#3 Indirectly, it exerts force on the lifter through the valve. Back to #1, if the valve isn't controlled, nothing is. So yes it does exert force on the lifter if everything is working as it should. You mentioned in a previous post, what were you missing, because you had a 400 lb spring, reduced by 100 lbs, then added the 100lbs of tension back with a rev kit spring. Simply pointing out that the missing part of your equation was the rocker arm ratio.

    #5 Yes the forces add up, but not as you originally showed, and not what I would phrase in parallel due to the ratio multiplying. It all goes back to #1 where the problem becomes not having enough valvespring on the valve. If you control the lifter, but not the valve, in a case of valve float, you potentially lose the pushrod. Ruined pushrods and rockers result. I would rather play it safe and keep adequate spring pressure on the valve here.

    #6 My response was to your reasoning that valvespring pressures could be reduced and compensated by the rev kit spring. Back to #1 again. If the lifter is the issue (which it could be, but usually isn't) then this would work.
    However the valve requires a certain spring force to control it. No matter what you do to the rest of the valvetrain you can't controll the valve unless you positively attach the parts together so that the rev kit spring would contribute a force to the valve.

    I can definitely see a rev kit helping an aggressive hyd roller setup gain some usable rpm, however if you are using the correct components the gains seen would be in the rpm range where you typically would start looking at other options.
    If you are taking the motor to 7000 rpm often, you probably need to step up the maintenance program anyway, so lashing valves shouldn't be a huge issue.

    I'm cool. :)
    On a side note,
    anybody that needs to install rev kit springs can use a door spring installer tool, about $8-9 and works great.
     
  6. Tokyo Torquer3

    Tokyo Torquer3 Veteran Member

    Messages:
    2,187
    Likes Received:
    3
    Joined:
    Oct 14, 2003
    Location:
    NJ
    Cam Doc,

    That is the first time I had heard that recommendation, but it sounds like the same theory as the newer Comp race lifters with limited travel, kind of like a cross between a hydro and a solid lifter. I would think that if you tried to do that with stock lifters, the geometry would be all screwed up with it cranked all the way down and that a different length push rod would be necessary. I would also think that it would make for a noisy valvetrain (I hear the comp limited travel lifters are a bit noiser) and that there would be many cases where you end up with valves not fully closing as it is not uncommon to have a valve hang upon when someone over adjusts the rockers, and it is fixed by backing off the adjuster nut. Does this work well in practice?

    I no longer have faith in tech line experts, especially the ones at Comp. Bad info can be an expensive and frustrating proposition in our hobby and there is too much of it rampant in the engine hotrodding world. I have had to learn the "hard way" too many times than I care to recall.
     
  7. lluciano77

    lluciano77 Guest

    I have heard those race style hyd. lifters wear out the cam faster. If I am not mistaken they are not recommended for the street due to wear.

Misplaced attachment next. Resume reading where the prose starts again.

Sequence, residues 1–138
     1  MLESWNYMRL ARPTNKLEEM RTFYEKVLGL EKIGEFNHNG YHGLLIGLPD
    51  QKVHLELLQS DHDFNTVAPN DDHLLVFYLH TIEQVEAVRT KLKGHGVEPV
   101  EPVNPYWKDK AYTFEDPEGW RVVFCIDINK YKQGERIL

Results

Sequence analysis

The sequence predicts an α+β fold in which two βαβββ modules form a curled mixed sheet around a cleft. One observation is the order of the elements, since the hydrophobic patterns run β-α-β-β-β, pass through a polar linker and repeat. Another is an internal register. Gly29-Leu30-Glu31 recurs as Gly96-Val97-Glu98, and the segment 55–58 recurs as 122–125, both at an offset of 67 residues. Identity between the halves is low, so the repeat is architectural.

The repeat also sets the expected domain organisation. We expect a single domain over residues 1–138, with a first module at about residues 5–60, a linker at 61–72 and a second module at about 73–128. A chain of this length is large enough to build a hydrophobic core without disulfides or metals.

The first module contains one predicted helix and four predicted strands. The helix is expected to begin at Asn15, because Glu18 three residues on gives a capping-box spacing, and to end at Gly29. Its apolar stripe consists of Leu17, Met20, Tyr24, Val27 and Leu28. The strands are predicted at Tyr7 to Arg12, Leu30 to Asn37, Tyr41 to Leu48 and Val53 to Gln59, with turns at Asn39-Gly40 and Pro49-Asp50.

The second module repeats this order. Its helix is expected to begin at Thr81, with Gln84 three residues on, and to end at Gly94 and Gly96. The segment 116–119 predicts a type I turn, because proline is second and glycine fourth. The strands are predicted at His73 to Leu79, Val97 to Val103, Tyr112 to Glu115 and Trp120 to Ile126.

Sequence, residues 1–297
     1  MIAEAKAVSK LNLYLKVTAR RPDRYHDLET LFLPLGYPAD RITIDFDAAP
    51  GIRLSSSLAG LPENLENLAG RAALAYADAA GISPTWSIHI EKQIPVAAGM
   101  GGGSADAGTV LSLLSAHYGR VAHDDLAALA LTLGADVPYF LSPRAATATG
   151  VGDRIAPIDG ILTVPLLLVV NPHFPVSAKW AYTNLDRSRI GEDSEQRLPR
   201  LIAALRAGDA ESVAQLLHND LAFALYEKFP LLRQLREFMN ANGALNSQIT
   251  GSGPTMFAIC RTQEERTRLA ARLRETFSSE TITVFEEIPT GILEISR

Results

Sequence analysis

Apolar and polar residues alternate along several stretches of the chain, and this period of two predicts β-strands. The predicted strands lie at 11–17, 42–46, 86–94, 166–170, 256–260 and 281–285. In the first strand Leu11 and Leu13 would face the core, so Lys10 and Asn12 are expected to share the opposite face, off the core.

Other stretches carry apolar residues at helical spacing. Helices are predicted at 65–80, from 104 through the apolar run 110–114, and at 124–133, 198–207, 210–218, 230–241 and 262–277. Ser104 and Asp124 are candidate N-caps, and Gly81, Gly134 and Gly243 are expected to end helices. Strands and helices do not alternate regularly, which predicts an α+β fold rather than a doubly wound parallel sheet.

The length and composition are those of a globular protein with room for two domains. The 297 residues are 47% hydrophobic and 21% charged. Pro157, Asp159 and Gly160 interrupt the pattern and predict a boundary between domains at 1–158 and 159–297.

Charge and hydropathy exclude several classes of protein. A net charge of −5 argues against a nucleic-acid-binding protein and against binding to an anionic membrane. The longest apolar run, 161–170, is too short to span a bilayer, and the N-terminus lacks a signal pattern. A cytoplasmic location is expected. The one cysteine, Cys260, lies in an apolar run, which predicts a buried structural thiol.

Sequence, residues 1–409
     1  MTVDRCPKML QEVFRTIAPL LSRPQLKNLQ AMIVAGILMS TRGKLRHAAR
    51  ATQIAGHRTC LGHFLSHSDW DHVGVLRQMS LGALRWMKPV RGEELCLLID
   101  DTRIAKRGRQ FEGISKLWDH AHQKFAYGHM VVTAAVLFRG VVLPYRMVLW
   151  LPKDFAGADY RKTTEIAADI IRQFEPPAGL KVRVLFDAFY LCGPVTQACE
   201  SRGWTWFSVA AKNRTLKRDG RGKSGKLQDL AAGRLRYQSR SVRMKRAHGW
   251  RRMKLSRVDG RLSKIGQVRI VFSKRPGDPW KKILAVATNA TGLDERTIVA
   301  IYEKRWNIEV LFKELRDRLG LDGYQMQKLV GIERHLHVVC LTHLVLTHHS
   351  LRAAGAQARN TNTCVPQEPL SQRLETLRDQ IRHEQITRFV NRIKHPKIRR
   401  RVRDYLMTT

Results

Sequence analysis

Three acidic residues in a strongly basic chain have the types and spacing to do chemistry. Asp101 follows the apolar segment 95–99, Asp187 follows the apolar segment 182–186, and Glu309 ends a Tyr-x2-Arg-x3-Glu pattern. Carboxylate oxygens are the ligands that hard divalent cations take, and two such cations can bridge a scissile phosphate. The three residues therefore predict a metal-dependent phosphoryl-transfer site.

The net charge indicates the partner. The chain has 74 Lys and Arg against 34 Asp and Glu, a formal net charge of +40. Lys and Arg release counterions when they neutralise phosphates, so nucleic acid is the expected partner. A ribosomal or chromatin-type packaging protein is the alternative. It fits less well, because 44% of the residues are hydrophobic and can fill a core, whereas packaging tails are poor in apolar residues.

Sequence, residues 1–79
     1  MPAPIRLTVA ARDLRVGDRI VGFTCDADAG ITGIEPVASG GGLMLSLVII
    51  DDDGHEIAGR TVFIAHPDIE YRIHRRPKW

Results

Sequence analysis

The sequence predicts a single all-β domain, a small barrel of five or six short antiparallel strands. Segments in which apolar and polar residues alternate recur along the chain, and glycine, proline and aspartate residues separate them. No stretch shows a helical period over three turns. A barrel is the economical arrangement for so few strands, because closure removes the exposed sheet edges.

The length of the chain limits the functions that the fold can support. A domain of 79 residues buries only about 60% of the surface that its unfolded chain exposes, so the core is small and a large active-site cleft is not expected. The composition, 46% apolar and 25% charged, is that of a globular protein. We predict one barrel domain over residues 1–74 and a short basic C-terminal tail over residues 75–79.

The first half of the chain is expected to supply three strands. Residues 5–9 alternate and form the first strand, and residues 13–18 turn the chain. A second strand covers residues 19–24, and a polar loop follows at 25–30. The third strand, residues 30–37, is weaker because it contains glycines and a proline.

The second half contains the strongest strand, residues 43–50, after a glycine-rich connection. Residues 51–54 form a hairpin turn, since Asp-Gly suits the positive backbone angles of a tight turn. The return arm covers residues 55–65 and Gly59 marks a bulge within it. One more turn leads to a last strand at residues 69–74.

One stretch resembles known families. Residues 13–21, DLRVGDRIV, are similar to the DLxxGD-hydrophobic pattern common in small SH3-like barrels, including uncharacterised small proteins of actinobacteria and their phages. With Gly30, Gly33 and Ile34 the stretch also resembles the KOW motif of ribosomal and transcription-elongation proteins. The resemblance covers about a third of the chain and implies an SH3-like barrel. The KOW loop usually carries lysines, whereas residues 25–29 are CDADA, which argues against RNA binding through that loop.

8. Rick WI

    Rick WI Veteran Member

    Messages:
    10,400
    Likes Received:
    1
    Joined:
    Jul 9, 2001
    Location:
    Madison, WI
    As amazing as it may sound at Companies like Comp, Edelbrock, Crane and almost all other large organizations there are many many competent people that know way more than most of us in their given field. The problem is that those people can't answer the phone all day with 99.9% of those calls being pretty meaningless drivel. Like, can I run a 292 duration cam in my stock 305 that burns oil.

    If you really have a situation that is a real issue with a companies product ask to be put through to Engineering or R&D. When you are a dealer there are lots of advantages when it comes to tech support. One of those is not having to talk to the same folks the average joe does. The 1-800 number goes to a persons desk, not a call center.

    Now your other option of course is to discuss this with the company or business that sold the part to you. They buy the product at a discount, put a markup on it and sell it to the customer. They should be the first call. If it's Jegs or Summit that's the downside of ordering through them. Not quite ready for prime time tech support.

    Your other option is at some of the large trade shows and events like Power Tour most of the heavy hitters from the Comanies will be there. Get to know them and get their cards for future reference. On Power Tour last year we BS'ed with Scooter from Comp for over an hour and 3 beers. Learned more about lifters, cams, plans for RHS and the industry than I thought I'd ever know. Plus made us a hell of a deal on our Jobber program.

    The people are all hiding within the walls of the Company that can solve most any problem I have seen on the board. You just have to weave your way through the gatekeepers and get to them.
     
  9. Goat

    Goat Veteran Member Lifetime Gold Member

    Messages:
    1,913
    Likes Received:
    44
    Joined:
    Jun 7, 2001
    Location:
    moncure, NC
    Jake, no problem. I too get a little frustrated trying to communicate on the internet sometimes. It's not like you can stop someone in the middle of a sentence to correct a misunderstanding. Like anything else, you learn to pick out the stuff that's beneficial and disregard the rest (try to anyway:) )

    You're cool with me.;)
     
  10. camdoc

    camdoc Veteran Member

    Messages:
    452
    Likes Received:
    0
    Joined:
    Nov 16, 2002
    Location:
    Bangor, Maine, USA
    An OEM GM lifter will collapse before it pumps up. Topping of the plunger to avoid pump-up does not apply to the GM style lifter, but, the column of oil and entrained air captured under the plunger acts like a mini-spring. If you minimize the volume of oil under the plunger, you effectively make the lifter "stiffer", and it will run to a higher RPM. You're correct, you still need to check for proper geometry.
     

Share This Page

  1. This site uses cookies to help personalise content, tailor your experience and to keep you logged in if you register.
    By continuing to use this site, you are consenting to our use of cookies.